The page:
16 Terrible Facts about the American Founding Fathers that Didn’t Make it to the History Books
Statue of Richard Stockton, part of the National Statuary Hall Collection at the United States Capitol, Washington D.C. (c. 1888). Wikimedia Commons.

2. Richard Stockton, a humble lawyer, endured torturous conditions in British captivity for refusing to accept a conditional pardon demanding his acquiescence during the Revolutionary War.

Richard Stockton was an American lawyer elected to the Second Continental Congress, whereupon, in this capacity, he acted as the first signatory to the Declaration of Independence from the New Jersey delegation. During efforts to evacuate the family of John Covenhoven, on November 30, 1776, Stockton was captured along with his friend. Dragged from his bed in the middle of the night and transported to Perth Amboy by Loyalist bounty hunters, Stockton refused to accept the conditional pardon offered by General Howe and was instead imprisoned. Incarcerated at Provost Prison in New York, Stockton was subjected to brutal and intolerable conditions causing lasting health problems.

Suffering from starvation and exposure, Stockton endured the additional indignity of having much of his property, including furniture and livestock, seized or destroyed. His library, among the most extensive in the Americas, was burned by the British in an act of deliberate malice. In total, 4,435 soldiers died in battle in New York during the Revolutionary War, in contrast to more than 12,000 in prisons. After weeks in captivity, Washington himself petitioned Howe for the release of political prisoners including Stockton. Offered freedom on condition he would abstain from further involvement in the rebellion, Stockton, in immeasurably poor health, was eventually freed to return to what remained of his estate.

16 Terrible Facts about the American Founding Fathers that Didn’t Make it to the History Books
“Washington as Farmer at Mount Vernon”, by Junius Brutus Stearns (c. 1851). Wikimedia Commons.

1. George Washington deliberately exploited a legal loophole in Pennsylvania law to avoid being forced to emancipate his slaves whilst serving as President of the United States.

After the ratification of the United States Constitution, whilst a new city was built to serve as the capital of the fledgling nation – Washington, D.C. – the city of Philadelphia was selected to serve as the temporary capital. Remaining the seat of government for the duration of Washington’s two terms as president, the commander-in-chief was forced to relocate to Philadelphia, bringing with him a number of enslaved persons to serve in his household. In 1780, Pennsylvania had passed the Gradual Abolition Act, stipulating that slaves were freed after they reached the age of 28 along with those who had lived in the state for more than six months.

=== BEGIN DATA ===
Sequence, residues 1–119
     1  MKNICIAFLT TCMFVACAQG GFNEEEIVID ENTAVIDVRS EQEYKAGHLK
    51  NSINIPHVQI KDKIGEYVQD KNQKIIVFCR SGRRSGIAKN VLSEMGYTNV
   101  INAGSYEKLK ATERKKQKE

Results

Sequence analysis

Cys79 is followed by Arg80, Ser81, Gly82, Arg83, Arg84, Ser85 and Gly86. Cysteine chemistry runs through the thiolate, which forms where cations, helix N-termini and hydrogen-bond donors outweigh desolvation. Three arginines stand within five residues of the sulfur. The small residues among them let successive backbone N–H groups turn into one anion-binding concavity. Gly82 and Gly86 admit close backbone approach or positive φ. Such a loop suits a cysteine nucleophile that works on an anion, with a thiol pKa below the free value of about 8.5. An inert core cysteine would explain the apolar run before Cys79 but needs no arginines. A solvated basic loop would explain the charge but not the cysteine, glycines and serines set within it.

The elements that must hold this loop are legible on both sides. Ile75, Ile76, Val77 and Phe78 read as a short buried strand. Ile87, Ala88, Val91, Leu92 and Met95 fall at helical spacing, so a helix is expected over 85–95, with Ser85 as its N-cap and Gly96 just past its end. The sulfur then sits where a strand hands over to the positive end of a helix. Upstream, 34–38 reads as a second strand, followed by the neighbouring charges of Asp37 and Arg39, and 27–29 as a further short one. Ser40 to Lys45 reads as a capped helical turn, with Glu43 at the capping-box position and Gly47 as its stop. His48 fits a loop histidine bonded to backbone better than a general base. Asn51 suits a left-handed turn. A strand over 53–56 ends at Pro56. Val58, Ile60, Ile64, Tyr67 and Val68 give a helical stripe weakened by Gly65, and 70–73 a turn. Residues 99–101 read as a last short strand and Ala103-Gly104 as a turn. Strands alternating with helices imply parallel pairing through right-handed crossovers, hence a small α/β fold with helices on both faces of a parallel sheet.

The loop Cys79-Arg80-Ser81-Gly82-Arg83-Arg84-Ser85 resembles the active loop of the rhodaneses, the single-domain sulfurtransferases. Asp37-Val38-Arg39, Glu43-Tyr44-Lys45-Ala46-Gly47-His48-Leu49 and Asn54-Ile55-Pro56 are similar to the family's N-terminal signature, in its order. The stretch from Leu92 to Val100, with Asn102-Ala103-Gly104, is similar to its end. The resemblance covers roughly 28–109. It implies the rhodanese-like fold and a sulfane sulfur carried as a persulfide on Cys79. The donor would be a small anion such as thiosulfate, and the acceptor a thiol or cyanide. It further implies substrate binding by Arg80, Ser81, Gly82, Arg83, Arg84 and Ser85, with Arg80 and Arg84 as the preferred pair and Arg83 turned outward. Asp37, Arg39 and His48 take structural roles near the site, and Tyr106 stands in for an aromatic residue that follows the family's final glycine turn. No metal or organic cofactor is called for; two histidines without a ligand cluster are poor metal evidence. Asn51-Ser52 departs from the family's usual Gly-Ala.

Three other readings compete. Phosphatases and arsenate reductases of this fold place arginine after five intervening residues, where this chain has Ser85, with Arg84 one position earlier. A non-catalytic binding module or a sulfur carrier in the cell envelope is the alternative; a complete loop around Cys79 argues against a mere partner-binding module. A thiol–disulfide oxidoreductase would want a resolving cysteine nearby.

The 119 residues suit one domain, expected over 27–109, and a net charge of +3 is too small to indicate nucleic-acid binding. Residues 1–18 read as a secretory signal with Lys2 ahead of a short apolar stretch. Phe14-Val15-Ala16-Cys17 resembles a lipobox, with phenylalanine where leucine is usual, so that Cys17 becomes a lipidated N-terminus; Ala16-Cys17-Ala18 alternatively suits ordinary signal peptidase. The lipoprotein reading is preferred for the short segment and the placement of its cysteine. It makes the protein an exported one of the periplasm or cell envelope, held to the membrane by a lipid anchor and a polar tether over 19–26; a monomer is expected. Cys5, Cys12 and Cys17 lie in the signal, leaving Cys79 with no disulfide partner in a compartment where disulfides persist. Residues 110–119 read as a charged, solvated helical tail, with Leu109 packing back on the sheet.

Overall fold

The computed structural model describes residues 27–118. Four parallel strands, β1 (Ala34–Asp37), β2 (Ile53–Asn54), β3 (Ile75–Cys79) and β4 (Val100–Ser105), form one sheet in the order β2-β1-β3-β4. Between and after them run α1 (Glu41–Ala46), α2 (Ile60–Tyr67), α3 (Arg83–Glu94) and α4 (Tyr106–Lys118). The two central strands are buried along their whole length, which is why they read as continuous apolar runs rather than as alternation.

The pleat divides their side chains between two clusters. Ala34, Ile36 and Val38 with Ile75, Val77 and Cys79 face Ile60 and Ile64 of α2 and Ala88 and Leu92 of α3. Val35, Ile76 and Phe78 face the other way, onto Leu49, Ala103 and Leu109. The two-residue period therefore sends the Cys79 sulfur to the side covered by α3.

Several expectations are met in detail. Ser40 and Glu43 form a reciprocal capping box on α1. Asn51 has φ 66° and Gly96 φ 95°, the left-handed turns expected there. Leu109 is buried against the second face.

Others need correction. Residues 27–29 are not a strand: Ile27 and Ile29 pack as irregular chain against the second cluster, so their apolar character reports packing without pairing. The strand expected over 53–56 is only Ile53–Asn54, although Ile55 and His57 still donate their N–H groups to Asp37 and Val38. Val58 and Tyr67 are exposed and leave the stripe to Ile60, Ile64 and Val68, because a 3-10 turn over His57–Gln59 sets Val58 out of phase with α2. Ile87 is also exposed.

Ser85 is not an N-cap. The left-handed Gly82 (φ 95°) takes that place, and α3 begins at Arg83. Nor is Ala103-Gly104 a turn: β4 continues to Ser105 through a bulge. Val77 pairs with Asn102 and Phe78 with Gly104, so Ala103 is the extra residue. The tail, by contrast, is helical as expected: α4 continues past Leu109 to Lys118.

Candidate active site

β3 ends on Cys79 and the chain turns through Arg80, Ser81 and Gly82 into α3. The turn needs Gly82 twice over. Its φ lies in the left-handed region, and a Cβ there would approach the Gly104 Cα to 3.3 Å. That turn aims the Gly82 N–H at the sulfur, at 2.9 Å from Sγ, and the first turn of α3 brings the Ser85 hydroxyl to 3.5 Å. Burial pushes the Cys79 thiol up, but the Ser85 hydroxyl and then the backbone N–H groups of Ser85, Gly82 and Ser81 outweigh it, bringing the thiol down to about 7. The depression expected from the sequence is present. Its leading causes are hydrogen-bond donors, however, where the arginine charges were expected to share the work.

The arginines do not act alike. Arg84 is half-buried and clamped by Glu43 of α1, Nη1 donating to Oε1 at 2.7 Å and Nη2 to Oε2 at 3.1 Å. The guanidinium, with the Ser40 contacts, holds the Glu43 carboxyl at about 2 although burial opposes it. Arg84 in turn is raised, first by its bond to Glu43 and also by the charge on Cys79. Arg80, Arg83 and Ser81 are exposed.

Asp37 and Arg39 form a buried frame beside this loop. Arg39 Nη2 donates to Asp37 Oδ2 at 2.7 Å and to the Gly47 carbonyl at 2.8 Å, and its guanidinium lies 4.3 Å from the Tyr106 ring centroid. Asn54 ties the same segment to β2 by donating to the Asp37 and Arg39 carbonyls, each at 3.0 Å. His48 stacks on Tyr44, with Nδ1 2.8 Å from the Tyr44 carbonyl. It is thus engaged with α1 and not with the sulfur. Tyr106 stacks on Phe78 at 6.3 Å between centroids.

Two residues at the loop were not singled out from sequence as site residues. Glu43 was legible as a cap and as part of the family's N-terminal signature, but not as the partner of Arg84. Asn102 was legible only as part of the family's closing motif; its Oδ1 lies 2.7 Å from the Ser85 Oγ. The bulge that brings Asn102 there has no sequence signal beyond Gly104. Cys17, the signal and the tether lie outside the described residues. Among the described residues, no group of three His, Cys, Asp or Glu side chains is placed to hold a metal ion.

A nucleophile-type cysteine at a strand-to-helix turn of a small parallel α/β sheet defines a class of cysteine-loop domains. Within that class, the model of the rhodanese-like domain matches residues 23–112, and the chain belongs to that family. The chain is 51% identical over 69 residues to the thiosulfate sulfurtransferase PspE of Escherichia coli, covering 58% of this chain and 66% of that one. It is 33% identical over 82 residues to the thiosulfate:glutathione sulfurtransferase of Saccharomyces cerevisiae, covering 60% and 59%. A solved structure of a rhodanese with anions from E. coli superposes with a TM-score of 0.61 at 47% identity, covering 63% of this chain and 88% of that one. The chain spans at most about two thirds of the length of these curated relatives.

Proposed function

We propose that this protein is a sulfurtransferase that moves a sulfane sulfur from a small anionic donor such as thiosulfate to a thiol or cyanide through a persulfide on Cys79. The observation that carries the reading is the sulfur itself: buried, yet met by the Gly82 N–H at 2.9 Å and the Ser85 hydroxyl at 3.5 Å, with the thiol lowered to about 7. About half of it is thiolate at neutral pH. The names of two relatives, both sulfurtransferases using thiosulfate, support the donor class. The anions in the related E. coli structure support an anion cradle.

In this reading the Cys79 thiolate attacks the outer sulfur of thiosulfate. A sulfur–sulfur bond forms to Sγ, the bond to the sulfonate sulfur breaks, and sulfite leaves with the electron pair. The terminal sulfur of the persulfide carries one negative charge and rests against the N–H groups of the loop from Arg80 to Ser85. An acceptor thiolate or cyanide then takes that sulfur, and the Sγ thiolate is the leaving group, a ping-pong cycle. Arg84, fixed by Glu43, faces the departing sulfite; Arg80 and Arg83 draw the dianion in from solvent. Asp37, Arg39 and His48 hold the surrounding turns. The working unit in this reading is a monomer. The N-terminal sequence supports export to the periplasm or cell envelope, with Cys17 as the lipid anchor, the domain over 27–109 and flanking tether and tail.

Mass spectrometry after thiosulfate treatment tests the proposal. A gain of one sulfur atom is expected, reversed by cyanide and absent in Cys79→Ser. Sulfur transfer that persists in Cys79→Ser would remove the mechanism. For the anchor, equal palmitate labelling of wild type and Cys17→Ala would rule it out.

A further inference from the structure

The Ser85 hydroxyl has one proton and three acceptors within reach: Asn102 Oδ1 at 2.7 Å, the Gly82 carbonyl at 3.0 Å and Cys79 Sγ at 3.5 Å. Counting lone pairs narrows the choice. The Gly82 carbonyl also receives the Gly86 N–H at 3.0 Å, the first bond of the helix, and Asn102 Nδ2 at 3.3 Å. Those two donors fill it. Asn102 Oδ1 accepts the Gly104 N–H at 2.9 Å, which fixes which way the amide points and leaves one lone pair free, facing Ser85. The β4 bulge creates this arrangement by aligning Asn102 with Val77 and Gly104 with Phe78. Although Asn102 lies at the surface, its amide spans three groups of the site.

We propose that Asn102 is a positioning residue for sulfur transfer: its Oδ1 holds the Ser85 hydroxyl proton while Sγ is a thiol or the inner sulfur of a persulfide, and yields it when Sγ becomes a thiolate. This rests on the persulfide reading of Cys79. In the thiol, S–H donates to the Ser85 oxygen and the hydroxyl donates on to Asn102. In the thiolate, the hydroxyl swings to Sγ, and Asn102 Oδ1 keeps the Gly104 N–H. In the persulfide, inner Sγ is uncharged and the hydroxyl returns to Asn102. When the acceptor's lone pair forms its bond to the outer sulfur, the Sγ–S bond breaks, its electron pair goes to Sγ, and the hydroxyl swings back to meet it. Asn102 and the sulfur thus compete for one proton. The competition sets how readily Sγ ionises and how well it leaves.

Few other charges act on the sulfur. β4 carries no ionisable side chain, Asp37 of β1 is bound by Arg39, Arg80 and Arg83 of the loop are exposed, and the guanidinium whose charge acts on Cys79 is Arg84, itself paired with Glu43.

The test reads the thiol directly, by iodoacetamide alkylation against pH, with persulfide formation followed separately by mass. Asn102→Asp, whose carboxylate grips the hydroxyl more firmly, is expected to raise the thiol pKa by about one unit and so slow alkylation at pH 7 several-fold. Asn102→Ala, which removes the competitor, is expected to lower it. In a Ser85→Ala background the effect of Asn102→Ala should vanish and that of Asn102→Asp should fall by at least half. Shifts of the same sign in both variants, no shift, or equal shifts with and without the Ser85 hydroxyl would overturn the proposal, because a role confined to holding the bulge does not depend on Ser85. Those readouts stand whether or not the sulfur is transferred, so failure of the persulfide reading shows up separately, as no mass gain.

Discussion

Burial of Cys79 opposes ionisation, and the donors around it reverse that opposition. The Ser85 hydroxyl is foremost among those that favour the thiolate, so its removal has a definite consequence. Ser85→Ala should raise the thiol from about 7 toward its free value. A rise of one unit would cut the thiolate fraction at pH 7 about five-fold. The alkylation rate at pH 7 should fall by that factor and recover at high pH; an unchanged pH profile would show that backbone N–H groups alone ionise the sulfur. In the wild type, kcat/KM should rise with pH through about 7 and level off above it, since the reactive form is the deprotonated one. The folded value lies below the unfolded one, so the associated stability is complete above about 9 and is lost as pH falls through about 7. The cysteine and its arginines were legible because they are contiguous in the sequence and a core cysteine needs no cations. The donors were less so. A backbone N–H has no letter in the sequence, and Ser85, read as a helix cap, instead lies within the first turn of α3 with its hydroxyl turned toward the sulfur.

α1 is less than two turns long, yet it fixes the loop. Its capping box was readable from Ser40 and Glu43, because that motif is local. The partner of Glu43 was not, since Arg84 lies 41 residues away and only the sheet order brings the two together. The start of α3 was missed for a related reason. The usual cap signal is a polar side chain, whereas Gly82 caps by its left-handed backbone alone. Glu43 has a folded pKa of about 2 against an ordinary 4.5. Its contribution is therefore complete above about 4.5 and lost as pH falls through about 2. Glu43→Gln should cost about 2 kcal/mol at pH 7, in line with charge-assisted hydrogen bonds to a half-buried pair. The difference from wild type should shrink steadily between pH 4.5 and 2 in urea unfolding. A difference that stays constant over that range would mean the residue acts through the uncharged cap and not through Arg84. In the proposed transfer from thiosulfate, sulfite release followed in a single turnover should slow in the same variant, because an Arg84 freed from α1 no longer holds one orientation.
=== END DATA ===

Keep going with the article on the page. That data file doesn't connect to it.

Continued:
In order to avoid surrendering his property, Washington would transport his slaves back to Mount Vernon, or on some occasions literally to the state lines, every six months. Through this method, kept deliberately secret to avoid scandal, Washington was able to perpetually reset the clock on his slave’s freedom and circumvent the clear intended purpose of the 1780 emancipation legislation. Reflecting his sustained desire to retain his Negro possessions, Washington also signed into law the Fugitive Slave Act in 1793 in addition to launching a three-year search for an escaped female slave who fled to New Hampshire after learning she was to be given as a wedding present.


Where do we find this stuff? Here are our sources:

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“Patrick and Sarah Henry: Mental Illness in 18th century America”, Rose Gallenberger, National Museum of American History (July 2, 2015)

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“I am Murdered: George Wythe, Thomas Jefferson, and the Killing that Shocked a New Nation”, Bruce Chadwick, John Wiley & Sons (2009)

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“The Founding Fathers and His Slaves”, Sarah Booth Conroy, University of Virginia Press (1998)

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“The Surprising Drinking Habits of Our Founding Fathers”, Adam Boles, Fox News (February 16, 2015)

“The Fort Wilson Incident of 1779: A Case Study of the Revolutionary Crowd”, John K. Alexander, The William and Mary Quarterly (1974)

“James Wilson: A Forgotten Father”, G.J. St. John, The Philadelphia Lawyer (2004)

“John Hart: The Biography of a Signer of the Declaration of Independence, Cleon E. Hammond, Pioneer Press (1977)

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“Free Some Day: The African-American Families of Monticello”, Lucia Stanton, University of North Carolina Press (2002)

“John Adams”, David McCullough, Simon & Schuster (2001)

“John Adams and the Fear of American Oligarchy”, Luke Mayville, Princeton University Press (2016)

“His Sacred Honor: Judge Richard Stockton, A Signer of the Declaration of Independence”, John C. Glynn, Hereditea Press (2007)

“George Washington Used Legal Loopholes to Avoid Freeing His Slaves”, Erin Blakemore, Smithsonian Magazine (February 16, 2015)